So, each of us took an hour-and-more subway ride to Incheon, arriving at the indie film theatre, the venue for the A Table for Two screening and the special talk session. We met Chaeyong and her mother, Sangok Park, an alternative school vice principal and former hardcore pro-democracy activist. The exceptional mother and daughter were the heroines of A Table for Two, directed by Boram Kim. Chaeyoung, with her new short, light-yellow hair, wore a black and white striped one-piece dress, looking tall and chic. She greeted us with five free tickets she had arranged for us.

Meanwhile, Sangok asked if I stayed well, right after being hugged by me. I answered “Yes”, and introduced each of us to her, proclaiming, “All of us are also from other inpatient wards!” Chaeyoung had been hospitalised when she was quite young and the film A Table for Two was partly about her experience.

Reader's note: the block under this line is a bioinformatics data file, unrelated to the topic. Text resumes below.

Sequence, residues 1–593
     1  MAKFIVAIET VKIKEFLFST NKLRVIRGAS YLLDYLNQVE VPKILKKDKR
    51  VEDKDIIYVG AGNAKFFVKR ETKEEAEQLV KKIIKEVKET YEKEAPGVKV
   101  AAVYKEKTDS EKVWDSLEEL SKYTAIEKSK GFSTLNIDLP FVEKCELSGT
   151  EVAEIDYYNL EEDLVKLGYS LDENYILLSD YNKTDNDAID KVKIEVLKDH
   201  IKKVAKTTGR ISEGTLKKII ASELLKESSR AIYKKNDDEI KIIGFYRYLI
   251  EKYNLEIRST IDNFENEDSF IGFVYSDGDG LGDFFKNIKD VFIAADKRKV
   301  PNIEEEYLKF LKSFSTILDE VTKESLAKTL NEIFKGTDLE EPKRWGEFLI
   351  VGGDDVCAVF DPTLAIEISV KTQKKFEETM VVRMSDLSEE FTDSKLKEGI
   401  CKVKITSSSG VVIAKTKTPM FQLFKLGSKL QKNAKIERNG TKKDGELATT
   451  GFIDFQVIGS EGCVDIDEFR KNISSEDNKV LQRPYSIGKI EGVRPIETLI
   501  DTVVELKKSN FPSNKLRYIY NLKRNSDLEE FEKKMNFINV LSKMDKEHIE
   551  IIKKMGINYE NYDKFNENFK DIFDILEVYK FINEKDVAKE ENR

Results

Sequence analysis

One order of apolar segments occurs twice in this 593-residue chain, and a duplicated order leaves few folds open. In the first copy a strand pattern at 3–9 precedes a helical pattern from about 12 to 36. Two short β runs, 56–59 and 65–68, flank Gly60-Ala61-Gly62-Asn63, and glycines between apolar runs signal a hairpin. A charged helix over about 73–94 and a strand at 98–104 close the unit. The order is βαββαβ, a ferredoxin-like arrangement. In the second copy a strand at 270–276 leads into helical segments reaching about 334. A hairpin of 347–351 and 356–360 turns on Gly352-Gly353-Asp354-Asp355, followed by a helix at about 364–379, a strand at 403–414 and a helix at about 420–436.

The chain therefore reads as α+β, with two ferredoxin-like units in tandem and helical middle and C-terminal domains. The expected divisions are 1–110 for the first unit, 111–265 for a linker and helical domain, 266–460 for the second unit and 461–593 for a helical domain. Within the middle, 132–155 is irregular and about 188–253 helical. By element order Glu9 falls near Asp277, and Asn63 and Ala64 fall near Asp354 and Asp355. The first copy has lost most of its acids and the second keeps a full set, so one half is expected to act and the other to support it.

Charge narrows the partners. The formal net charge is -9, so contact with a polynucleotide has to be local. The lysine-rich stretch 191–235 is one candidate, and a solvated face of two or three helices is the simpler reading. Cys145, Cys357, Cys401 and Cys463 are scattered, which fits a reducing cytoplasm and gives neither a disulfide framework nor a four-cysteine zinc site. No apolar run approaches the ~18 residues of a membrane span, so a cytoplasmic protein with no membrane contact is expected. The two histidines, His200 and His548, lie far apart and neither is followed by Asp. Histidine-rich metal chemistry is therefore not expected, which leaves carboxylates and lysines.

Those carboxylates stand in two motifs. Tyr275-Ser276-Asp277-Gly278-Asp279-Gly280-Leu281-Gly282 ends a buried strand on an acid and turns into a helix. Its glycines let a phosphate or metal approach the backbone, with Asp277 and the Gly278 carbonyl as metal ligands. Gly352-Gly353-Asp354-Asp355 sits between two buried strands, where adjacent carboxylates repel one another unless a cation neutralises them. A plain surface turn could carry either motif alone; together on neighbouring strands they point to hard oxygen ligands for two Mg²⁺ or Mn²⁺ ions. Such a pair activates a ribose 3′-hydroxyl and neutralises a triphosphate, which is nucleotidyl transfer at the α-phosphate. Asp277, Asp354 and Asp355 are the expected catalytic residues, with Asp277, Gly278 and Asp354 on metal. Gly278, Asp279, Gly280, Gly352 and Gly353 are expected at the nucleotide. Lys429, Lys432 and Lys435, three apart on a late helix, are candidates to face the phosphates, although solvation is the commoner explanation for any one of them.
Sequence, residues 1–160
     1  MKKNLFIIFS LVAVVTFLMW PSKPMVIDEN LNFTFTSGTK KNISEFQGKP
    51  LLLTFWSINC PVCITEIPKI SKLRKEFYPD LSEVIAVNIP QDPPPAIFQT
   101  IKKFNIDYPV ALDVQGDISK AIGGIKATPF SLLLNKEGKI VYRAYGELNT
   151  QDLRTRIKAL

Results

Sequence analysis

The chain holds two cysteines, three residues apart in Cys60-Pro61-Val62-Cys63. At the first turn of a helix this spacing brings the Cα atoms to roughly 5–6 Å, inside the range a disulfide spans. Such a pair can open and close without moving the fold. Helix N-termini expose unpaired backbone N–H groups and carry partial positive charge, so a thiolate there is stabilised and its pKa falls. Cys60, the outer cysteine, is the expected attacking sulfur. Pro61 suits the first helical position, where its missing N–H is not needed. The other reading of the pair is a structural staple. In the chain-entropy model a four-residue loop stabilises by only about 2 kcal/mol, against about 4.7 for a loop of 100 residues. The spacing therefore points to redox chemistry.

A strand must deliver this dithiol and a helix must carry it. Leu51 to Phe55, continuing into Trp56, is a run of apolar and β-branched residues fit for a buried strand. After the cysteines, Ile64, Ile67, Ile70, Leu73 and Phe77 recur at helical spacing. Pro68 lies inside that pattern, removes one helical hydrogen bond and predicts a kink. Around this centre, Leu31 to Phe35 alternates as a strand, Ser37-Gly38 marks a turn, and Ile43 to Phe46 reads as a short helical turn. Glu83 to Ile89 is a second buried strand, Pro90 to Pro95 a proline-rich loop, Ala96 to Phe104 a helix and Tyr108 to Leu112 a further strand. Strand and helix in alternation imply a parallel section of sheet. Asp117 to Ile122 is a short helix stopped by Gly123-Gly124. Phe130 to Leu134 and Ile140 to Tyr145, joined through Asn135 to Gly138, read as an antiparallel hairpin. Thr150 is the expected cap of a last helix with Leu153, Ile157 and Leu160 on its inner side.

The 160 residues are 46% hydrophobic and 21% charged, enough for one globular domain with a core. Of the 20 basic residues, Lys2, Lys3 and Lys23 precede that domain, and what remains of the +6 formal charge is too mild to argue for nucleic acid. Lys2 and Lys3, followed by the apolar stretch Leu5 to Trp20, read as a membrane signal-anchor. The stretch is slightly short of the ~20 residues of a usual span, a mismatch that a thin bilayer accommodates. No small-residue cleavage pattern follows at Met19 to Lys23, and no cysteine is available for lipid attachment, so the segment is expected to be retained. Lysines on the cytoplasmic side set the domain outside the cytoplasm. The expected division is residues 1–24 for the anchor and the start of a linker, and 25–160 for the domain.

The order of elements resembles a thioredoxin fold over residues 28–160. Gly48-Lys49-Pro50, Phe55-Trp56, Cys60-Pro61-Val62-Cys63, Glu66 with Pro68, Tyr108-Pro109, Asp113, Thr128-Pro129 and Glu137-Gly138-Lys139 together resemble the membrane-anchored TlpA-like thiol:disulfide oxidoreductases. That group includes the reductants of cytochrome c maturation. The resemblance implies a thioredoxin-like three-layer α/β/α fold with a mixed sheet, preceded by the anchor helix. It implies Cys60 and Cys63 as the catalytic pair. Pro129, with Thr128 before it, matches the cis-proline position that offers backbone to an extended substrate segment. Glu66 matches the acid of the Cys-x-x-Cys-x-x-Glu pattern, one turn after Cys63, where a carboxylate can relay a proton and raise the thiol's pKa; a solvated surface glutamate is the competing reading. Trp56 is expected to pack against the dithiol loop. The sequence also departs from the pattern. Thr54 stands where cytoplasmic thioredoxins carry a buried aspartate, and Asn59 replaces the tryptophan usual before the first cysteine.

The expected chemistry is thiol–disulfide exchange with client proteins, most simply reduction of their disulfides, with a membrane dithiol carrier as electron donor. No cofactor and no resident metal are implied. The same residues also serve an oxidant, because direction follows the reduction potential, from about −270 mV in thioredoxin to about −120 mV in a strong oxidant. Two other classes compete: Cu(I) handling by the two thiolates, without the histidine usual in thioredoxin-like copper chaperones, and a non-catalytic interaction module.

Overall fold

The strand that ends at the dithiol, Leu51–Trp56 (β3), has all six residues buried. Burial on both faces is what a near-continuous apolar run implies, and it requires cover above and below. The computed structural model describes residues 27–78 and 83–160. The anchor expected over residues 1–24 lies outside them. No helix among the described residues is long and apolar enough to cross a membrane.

The failed and forgotten business model of an inpatient eating disorders program

The scenes at the inpatient hospital — Jeannie replicated these on Cyworld, a then-popular avatar-based Korean social network, around 2004

In November 2001, I was hospitalized as the second patient at B Eating Disorders Inpatient Clinic, the first of its kind in Korea, freshly opened in a quiet and affluent neighbourhood in Seoul. The clinic was located on the upper floors of another private psychiatric clinic building.

Opening a new psychiatric inpatient clinic in the middle of the neighbourhood was almost impossible, partly due to the predictable NIMBY (not in my backyard) problem. However, the senior alumnus of this ambitious eating disorder program moved out of his family home on the upper floors of his clinic building, allowing his junior alumnus, Dr K, to open an inpatient facility—a ground-breaking version of a clinic as a home-away-from-home. Dr K was one of several young Korean psychiatrists who had been trained at the Maudsley Hospital in the UK around the same time.